And that’s it! Another article for the books! This year, the blog is growing. We have officially surpassed 2019 in unique visits to the website and views are about 30 away from surpassing last year. At this rate, we’re set to surpass 2018 by the end of the year. So remember, if you like my content, leave a like, share with a friend, and follow the website. This year growth has exploded and I couldn’t be prouder. The more exposure I have, the healthier the blog becomes with organic traffic. Eventually, the hope is to have the blog pay for itself through ad revenue. So remember to pause ad-blocker for this website. In addittion, I have a couple ways to support me. Below is the link to my Patreon and Ko-Fi:

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Any little bit is much appreciated. A one time donation of a dollar or a monthly subscription helps support me as a creator. As always, thanks for reading and stay safe!

The Hidden Horror of Stardew Valley

He held Grandpa’s letter in his hand and began to open the seal. Mid way through, he stopped, and put the letter back in the drawer. He turned to his keyboard and began typing, waiting for his next call. Grandpa’s words echoed in his head, “No, no don’t open it yet… have patience.” He sighed and waited. Across from him was a skeleton and to his left was another co-worker. His once clean desk was in disarray. “Get it together”, he thought, as a call came in. “Hi, this is … over at …”. As quickly as the call came, it was over and he was back to his thoughts. No light came into the office and he was located in a corner in the back of a dimly lit room. Grandpa’s letter still sat in his drawer and he often wondered what it said. But he thought, “it could always be worse” and saw no need to open it. He checked the clock and it was time to go home; he was late and would miss the bus.

When he arrived to his small, two bedroom apartment, he sat down at his table. When he was comfortable, he opened the fridge and checked for food. He grabbed a beer and finding nothing edible in the fridge, settled for ramen in his upper cupboard. He slid back in his chair and turned on the TV. He flipped through the channels, trying to find anything to entertain him, at least for a bit. He settled for a rerun of an old childhood show and made his way to bed. It was already midnight. He stared at the ceiling for an hour, restless and tired, but not entirely sure why. He was happy. He made steady pay and had a job. Yet he couldn’t stop thinking of his childhood. He drifted in and out of sleep.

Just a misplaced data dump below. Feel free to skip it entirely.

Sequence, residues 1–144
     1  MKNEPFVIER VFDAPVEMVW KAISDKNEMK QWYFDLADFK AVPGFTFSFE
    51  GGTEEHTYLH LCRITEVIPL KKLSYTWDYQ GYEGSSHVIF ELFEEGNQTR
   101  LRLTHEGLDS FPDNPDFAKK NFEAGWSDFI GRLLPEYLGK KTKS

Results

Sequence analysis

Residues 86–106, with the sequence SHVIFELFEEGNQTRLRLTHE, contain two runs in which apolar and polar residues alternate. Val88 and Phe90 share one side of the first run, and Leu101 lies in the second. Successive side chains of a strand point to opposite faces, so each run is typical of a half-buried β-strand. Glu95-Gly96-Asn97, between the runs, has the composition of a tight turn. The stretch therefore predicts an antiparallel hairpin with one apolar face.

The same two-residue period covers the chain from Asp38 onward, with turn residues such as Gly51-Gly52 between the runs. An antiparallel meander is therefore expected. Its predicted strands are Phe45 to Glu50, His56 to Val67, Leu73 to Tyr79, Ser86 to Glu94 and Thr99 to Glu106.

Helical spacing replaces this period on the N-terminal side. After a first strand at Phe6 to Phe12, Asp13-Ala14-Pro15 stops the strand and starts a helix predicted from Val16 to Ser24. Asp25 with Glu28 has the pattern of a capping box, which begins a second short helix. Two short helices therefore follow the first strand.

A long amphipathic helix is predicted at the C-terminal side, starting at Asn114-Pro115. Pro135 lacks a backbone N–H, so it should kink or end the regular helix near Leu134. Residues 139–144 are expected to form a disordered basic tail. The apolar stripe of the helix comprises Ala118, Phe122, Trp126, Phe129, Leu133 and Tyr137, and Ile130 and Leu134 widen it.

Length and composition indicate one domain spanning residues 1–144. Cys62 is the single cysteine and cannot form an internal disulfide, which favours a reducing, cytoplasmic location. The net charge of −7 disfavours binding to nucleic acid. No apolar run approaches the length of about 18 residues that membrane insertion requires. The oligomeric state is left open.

His alarm beeped and he slammed his hand down to stop the sporadic sounds coming from his nightstand. He checked the clock and it was 11:30. “Shit, I’m late for work”, he thought. When he arrived, 10 minutes after 12, the desk next to him was empty. He had liked his neighbor and brushed it off as business needs, thankful that he still had a job. He had been with the company for the last 3 years, in the same role. He had seen plenty come and go, so this was nothing out of the ordinary. He got his first call of the day and forgot about it.

He sat alone in the break room for lunch. There was a dartboard and a Wii and a vending machine filled to the brim with soda and chips. As he unpacked his cheddar and pepperoni sandwich on whitebread with a smidge of mayo, he decided to grab a bag of chips. As he typed in “A5” for a bag of Cheetos, his finger slipped and added another 5. He typed “A5” once more; the metal curled and the bag began to drop. Halfway through, the bag got stuck, hanging in the vending machine. He went back to his table and took a bite of his sandwich.